Dr. Sandra Steingraber is an American activist, biologist, author, senior scientist, and cancer survivor. She was born in 1959 in Tazewell Country, Illinois, United States. Steingraber nowadays spends time writing and lecturing about environmental factors contributing to reproductive health problems and the ways cancer is linked with the air, water, and food we get in contact with.
She devoted her life’s work to understanding which chemical pollutants in our environment endanger our health and well-being. Sandra is an international anti-fracking activist and biologist who fights for the environmental protection of all living beings and sees this as our basic human right.
Steingraber was adopted as a baby and grew up with parents who encouraged her interest in sustainable development and organic agriculture from a very young age. Her mother was a microbiologist, while her father worked as a community college professor, and they were both highly influenced by Rachel Carson.
During her 20s, Sandra got bladder cancer which she described in several books as a disease cluster (a high number of cancer cases that occur in a particular geographic area for a certain amount of time).
After bladder cancer went into remission, she completed an undergraduate degree in biology from Illinois Wesleyan University, where she studied. Later on, she spent time working as a field researcher, which eventually earned her doctorate in biology from the University of Michigan.
During her researches, she started studying Rachel Carson, who she considers her “guiding spirit.” In 1997 she wrote a book, “Living Downstream,” in which she assesses the connection between environment and cancer. In this book, she claims that although we cannot change our genetic inheritance, we still can do a lot about reducing human exposure to carcinogens that can be found in our natural homes.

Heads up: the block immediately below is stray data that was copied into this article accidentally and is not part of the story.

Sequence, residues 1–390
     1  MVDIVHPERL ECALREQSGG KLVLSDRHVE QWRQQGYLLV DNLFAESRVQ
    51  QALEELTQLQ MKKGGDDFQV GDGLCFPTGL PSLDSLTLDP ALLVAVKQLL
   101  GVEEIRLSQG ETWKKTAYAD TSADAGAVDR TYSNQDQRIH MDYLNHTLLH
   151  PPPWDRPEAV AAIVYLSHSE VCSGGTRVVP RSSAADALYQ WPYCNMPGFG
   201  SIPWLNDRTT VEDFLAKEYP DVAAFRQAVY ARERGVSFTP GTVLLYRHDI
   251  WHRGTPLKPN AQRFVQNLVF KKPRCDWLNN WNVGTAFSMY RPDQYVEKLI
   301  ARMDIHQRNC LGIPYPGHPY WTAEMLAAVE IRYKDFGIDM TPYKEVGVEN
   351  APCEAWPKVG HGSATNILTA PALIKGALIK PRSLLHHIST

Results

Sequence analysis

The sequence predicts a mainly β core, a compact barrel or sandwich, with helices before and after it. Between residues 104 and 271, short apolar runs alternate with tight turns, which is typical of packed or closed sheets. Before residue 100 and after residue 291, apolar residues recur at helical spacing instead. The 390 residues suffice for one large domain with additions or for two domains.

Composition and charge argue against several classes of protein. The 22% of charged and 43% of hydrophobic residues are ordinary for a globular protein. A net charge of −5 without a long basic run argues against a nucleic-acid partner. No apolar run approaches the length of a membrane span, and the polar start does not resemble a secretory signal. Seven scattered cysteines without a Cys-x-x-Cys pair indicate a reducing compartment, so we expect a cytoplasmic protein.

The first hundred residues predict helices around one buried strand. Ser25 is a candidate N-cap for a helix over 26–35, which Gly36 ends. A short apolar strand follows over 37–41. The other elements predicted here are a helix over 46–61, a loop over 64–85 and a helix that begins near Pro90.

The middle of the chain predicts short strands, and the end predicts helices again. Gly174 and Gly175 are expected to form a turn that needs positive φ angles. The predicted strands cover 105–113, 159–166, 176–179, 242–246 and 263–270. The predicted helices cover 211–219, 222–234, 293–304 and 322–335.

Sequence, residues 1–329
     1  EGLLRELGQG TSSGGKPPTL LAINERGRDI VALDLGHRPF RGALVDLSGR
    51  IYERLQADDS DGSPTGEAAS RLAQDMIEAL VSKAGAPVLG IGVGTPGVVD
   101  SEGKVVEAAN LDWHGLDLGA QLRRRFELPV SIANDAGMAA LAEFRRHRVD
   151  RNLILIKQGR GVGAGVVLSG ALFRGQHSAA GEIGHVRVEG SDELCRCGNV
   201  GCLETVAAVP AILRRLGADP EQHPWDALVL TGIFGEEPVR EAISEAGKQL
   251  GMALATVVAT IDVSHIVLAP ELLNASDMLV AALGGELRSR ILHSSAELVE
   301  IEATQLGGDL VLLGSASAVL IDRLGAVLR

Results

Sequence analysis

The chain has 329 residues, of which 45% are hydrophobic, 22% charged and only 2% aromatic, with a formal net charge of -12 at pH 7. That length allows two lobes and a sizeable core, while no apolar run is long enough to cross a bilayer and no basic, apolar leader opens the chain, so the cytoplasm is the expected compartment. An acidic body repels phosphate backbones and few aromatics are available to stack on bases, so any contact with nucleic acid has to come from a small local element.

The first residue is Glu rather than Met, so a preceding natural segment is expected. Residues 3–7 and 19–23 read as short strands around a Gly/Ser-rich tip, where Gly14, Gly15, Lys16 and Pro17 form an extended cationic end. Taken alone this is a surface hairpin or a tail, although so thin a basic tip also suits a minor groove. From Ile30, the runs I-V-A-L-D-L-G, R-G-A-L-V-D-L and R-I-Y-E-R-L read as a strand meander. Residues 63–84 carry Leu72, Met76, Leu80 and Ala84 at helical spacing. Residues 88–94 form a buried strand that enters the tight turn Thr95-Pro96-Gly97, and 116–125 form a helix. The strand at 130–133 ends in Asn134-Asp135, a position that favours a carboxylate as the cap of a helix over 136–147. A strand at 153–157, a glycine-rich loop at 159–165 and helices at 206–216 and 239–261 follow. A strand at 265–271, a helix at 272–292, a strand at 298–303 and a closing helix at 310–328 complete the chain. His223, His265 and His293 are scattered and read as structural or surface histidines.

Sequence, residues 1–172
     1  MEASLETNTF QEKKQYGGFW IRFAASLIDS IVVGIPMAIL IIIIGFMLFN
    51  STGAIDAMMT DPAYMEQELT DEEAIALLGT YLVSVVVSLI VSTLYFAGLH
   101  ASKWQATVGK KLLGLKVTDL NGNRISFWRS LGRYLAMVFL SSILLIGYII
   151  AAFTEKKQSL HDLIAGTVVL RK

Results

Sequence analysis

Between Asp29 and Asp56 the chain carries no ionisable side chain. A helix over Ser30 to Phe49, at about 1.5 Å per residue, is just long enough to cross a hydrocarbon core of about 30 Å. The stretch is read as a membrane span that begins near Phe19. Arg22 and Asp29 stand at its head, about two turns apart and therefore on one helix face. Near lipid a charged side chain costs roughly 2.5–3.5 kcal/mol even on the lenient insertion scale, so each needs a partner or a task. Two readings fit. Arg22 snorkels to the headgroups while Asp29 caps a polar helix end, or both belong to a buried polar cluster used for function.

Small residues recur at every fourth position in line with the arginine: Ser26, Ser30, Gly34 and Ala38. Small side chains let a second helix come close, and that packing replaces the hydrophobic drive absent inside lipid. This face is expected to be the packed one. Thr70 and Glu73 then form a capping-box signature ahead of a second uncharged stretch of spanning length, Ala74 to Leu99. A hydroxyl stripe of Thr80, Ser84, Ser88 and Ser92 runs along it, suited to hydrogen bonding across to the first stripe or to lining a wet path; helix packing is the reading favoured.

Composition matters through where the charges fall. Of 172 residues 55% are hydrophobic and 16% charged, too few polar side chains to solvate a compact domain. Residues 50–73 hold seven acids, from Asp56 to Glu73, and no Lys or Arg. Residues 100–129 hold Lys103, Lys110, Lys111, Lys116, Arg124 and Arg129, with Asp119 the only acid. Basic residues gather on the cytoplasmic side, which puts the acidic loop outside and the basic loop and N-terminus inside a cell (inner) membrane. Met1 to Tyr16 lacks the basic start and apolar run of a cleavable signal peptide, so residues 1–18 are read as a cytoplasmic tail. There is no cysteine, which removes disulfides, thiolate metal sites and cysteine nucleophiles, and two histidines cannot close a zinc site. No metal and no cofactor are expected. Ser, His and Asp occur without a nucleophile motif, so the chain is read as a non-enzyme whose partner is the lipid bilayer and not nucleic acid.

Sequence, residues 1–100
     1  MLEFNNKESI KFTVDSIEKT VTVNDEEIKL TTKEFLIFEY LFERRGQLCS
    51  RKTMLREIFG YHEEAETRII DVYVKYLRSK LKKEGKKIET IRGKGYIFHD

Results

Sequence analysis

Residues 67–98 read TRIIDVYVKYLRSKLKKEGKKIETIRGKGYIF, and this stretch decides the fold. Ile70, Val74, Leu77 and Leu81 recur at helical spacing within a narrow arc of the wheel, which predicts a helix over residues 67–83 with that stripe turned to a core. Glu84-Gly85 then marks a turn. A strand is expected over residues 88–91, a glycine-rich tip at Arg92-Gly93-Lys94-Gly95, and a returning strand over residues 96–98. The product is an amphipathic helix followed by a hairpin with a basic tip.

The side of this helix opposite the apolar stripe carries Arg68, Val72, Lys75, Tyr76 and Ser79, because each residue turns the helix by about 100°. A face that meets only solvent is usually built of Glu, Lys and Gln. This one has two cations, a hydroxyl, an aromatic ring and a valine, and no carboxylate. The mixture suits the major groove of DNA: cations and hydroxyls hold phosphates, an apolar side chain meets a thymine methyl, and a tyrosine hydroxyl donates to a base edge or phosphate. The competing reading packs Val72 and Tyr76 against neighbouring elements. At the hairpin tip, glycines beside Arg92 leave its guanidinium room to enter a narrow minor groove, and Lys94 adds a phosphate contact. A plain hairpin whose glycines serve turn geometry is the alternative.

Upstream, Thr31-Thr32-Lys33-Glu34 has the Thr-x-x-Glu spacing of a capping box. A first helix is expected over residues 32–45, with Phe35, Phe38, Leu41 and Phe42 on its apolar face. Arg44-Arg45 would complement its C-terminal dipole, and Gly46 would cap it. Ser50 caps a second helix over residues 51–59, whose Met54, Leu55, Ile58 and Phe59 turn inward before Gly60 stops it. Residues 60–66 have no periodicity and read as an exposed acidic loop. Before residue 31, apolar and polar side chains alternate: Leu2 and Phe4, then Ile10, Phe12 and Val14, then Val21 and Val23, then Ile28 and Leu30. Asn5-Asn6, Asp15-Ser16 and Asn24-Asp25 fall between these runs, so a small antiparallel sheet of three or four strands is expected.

This book is the basis for a documentary by The People’s Picture Company, in which Steingraber’s struggles as a cancer survivor get portrayed. The documentary also reflects on her contributions as an ecologist and cancer prevention spokesperson, and activist.
In March of 2013, Steingraber was part of the protest that blocked the Inergy natural gas facility entrance. She protested the industrialization of the Finger Lakes and was arrested alongside nine other protestors. Steingraber refused to pay a fine and served ten days in the Chemung County jail before she was released.
In 2014 she participated in the civil disobedience campaign where she was arrested again, this time for trespassing and blocking a chemical truck at the gates of Crestwood Midstream (formerly Inergy). She was sentenced to fifteen and served eight days in the Chemung County jail.
In 2017 documentary “Unfractured” got released, in which the main subject was Sandra Steingraber and her struggles and fights as an outspoken activist. She is a winner of numerous awards and honors and nowadays lives in Trumansburg, New York, with her husband Jeff de Castro and their two children.